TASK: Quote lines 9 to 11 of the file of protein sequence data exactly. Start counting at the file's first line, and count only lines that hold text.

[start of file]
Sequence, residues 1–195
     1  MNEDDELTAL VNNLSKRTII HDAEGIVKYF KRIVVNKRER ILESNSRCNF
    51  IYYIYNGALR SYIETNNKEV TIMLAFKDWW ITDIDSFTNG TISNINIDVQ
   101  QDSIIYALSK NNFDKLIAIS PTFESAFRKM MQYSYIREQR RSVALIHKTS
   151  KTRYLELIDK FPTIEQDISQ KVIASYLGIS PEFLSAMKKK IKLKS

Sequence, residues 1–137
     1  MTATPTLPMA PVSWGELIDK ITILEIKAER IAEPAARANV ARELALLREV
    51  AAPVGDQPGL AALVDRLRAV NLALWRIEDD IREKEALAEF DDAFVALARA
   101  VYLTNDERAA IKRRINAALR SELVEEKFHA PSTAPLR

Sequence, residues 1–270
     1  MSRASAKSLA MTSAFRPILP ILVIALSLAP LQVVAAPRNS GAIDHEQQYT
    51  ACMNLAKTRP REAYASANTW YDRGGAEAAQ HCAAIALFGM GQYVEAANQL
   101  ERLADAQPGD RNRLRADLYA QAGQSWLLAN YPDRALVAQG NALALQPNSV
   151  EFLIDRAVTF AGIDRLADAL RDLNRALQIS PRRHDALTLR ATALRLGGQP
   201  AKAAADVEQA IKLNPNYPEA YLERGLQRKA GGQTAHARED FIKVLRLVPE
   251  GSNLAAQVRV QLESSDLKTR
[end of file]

   101  VYLTNDERAA IKRRINAALR SELVEEKFHA PSTAPLR

Sequence, residues 1–270
     1  MSRASAKSLA MTSAFRPILP ILVIALSLAP LQVVAAPRNS GAIDHEQQYT